The New Encyclopedia of Orchids

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  • 1 University of Hawaii Honolulu

The New Encyclopedia of Orchids. Isobel la Croix. 2008. Timber Press, 133 S.W. Second Avenue, Suite 450, Portland, OR 97204-3527 www.timberpress.com. 524 pp. List price $59.95. Hardback. ISBN 978-0-88192-876-1.

Can there be any family of plants about which more books have been written than orchids? The title New Encyclopedia of Orchids suggests that there must be an old encyclopedia, and A.D. Hawkes' Encyclopedia of Cultivated Orchids (1965) may be that antecedent, but this encyclopedia is no revised form of the older book, which featured mainly line drawings. Author Isobel la Croix is a well-known orchid authority with specialization in the African species. She has edited the Orchid Review, a highly respected orchid journal, as well as contributed articles on her collecting, orchid horticulture, and orchid taxonomy to many orchid journals.

The orchid family consists of more than 800 genera and over 25,000 species. This encyclopedia treats 1500 species in 350 genera, and the choices must have been daunting, not only in what to include and illustrate – with magnificent photographs, it must be said – but also what taxonomic names to accept. Although orchid taxonomy was based originally on morphology, recent DNA analysis has rearranged relationships, and la Croix has used her best judgment to assign the names in this treatment using the Genera Orchidacearum project (Royal Botanic Gardens, Kew, UK). Still, one might wish for mention of the synonymy of revised names as in The Manual of Cultivated Orchid Species (3rd edition, Bechtel, Cribb and Lammert, 1991).

Several short chapters, totaling about 17 pages in all, sketchily introduce orchid naming, what makes an orchid an orchid, orchid cultivation, pests and diseases, and conservation and propagation. This overview just barely covers what an amateur needs to know as a beginner, but a bibliography of some 163 reference books can lead the avid orchidologist deeper into the mysteries and intricacies of orchid identification, culture, and geography.

This encyclopedia targets species only and clearly excludes the many hybrids (Orchids are noted for their promiscuity and many intra- and intergeneric hybrids exist). It would have been useful, however, to have noted which among the species have contributed to important hybrid groups. The target audience for this book is evidently the orchid species collector; and the price is quite reasonable, so Timber Press can expect to do well with this addition to its line of horticultural books. The color photographs alone make this volume impressive. A similar treatment, Flora's Orchids, from the same publisher and to which Isobel la Croix was a consultant, is also well-illustrated but is a little less detailed per species while offering a little more information on history and cultivation.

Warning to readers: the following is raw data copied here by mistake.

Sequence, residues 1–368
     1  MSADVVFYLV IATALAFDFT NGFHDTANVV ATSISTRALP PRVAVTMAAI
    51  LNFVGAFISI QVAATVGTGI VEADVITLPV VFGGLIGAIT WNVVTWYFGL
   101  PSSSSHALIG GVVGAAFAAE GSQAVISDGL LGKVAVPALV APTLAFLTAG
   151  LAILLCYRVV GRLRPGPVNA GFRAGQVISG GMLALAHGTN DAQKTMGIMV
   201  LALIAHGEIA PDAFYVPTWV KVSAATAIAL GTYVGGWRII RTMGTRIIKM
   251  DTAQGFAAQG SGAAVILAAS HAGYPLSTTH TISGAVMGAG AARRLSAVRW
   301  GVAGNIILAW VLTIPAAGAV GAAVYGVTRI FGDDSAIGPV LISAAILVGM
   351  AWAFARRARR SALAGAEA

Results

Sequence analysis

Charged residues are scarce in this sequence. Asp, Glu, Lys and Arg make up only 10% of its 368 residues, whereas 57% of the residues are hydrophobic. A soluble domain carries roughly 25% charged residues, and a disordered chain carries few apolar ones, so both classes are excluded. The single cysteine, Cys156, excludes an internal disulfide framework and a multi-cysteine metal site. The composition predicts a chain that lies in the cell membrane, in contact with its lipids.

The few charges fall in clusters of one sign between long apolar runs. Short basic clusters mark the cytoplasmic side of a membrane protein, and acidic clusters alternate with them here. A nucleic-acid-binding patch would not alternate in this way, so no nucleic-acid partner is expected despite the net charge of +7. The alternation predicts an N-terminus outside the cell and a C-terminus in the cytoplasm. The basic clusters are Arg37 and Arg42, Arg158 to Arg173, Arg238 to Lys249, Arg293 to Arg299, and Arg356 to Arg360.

The main portion of the book gives each genus a brief taxonomic treatment including the principal author, tribe and sub-tribe, the etymology of the genus name, and the distribution of the species. A more detailed description of the genus follows and some tips on cultivation. Each species that is included receives a more detailed description in the same format. This standardized format works well, and most of the species are illustrated with clear photographs by Manuel Aubron, who must have a large collection of orchid images and access to superb orchid collections (of him we learn little on the flyleaf or preface).

If one is interested in more detail about orchid structure, Timber Press' An Illustrated Survey of Orchid Genera by Tom and Marion Sheehan (1994) probably gives a better background. Orchid physiology is almost completely omitted in the New Encyclopedia, so scientists working in this area will find little to lead them into research on flowering, responses to growth regulators, photosynthate partitioning, tissue culture, or postharvest physiology. However, the diverse floral forms stimulate questions about how best to grow and manage potential new crops beyond the present Phalaenopsis, Oncidium, Dendrobium, Cymbidium, and Cattleya species offerings in the marketplace. The earlier encyclopedia by Hawkes at least mentioned the time of flowering to trigger some hypotheses about the influences of daylength and temperature on flowering. The bibliography does list a number of worthy books on orchid cultivation – all targeted to the hobbyist, it seems.

Useful supplements beyond the bibliography include a glossary of terms, a short list of common names, and an index to the scientific names. The book was printed in China, and the quality of photographs is very good. The editing appears to have been tight and kept everything consistent. Although this book will not find its way onto the bookshelves of many horticulturists, it will be a useful reference to a segment of the flower-loving public as well as the large fan base of orchid hobbyists.

Richard A. Criley University of Hawaii Honolulu

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